An annulment differs from a divorce in that it signifies that a true marriage never actually took place. This can be a particularly freeing idea for someone who feels betrayed by a spouse who seemingly never cared about the marriage vows.
You might want to seek an annulment if any of the following are true:
You place a high value on marriage. Whenever two people say, “I do,” they expect those vows to last for life. It can be devastating for one spouse to discover that the other spouse misled the other and never actually intended to fulfill his or her obligations in the marriage. This sense of betrayal may lead the first spouse to request an annulment.
You do not believe the marriage was valid. A marriage is a relationship unlike any other. The special bond between a husband and wife cannot be recreated in any other relationship. When you’ve been part of a marriage that never fully reached that unique bond, you may choose to request an annulment. An annulment acknowledges the fact that the true bond typically experienced in marriage never happened.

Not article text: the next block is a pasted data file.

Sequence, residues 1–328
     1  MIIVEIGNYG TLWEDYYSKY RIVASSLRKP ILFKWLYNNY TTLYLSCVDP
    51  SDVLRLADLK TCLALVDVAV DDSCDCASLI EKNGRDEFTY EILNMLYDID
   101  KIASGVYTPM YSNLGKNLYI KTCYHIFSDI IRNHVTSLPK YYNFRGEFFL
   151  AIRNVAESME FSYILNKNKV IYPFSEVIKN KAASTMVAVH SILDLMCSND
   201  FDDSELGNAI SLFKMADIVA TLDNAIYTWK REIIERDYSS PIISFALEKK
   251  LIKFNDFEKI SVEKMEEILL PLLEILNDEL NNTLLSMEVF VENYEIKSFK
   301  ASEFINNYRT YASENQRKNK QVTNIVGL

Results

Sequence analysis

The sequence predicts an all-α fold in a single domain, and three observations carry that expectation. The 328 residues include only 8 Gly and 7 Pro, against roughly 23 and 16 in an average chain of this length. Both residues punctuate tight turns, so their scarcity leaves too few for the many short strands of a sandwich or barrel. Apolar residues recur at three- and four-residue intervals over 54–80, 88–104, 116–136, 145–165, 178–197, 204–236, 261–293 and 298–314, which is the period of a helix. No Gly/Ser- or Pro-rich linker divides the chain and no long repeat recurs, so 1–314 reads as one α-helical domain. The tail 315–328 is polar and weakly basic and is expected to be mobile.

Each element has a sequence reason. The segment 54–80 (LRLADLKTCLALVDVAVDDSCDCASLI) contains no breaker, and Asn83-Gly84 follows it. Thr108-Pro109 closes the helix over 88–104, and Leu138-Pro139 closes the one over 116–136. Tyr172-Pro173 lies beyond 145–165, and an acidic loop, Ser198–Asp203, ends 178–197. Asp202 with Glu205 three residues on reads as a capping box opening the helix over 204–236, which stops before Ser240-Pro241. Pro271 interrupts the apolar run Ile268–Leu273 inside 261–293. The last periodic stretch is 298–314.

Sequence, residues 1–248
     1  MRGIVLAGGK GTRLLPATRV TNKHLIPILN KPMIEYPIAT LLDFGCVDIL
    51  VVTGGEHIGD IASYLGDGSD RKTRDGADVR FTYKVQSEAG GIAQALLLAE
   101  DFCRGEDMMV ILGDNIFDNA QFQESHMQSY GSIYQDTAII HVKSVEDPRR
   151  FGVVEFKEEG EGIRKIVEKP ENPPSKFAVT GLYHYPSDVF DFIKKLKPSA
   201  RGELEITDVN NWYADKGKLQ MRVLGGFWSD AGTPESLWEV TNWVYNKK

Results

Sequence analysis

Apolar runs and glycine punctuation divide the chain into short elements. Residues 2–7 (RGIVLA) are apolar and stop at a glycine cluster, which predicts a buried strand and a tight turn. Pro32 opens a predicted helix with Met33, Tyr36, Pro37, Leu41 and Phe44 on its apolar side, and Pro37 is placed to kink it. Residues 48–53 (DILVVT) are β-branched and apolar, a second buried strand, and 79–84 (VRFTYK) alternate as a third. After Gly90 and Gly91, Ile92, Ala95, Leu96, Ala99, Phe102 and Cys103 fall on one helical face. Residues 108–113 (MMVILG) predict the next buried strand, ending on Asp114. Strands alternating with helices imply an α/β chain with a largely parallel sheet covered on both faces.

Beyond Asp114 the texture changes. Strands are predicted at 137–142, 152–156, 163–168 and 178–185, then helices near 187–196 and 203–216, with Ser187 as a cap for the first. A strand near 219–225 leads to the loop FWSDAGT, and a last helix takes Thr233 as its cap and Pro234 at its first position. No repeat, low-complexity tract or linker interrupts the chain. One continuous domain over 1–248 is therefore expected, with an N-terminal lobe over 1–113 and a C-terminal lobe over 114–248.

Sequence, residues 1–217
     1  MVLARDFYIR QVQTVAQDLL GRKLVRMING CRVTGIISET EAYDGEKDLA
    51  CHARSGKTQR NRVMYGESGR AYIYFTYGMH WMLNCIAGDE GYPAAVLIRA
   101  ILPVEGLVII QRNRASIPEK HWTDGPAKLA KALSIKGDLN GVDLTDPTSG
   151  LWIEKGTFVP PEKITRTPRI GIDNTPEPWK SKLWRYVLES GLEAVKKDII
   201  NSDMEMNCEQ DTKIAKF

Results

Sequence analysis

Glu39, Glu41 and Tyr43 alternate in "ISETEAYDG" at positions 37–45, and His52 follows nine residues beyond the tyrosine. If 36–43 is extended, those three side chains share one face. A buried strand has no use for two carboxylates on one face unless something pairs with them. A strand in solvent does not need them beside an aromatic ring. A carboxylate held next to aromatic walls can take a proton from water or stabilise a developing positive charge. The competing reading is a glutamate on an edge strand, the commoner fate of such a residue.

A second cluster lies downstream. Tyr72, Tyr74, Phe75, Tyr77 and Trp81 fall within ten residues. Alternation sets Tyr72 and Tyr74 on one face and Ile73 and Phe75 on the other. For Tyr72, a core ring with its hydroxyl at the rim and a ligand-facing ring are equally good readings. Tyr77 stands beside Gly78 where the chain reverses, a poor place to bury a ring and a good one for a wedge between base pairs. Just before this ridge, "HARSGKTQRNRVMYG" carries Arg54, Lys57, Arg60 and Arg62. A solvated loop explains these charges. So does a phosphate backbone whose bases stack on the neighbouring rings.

You are a part of the Catholic Church. Divorce has consequences in the Catholic Church. If you are part of the Catholic Church and believe you have a legitimate case for annulment, you may choose to go this route rather than deal with the stigma associated with a divorce.
If you are seeking an annulment in Maryland, you should discuss your situation with an experienced Maryland divorce attorney who can explain the nuances of this often-complicated process. For more information, call Nickelsporn & Lundin at 800-875-9700 today.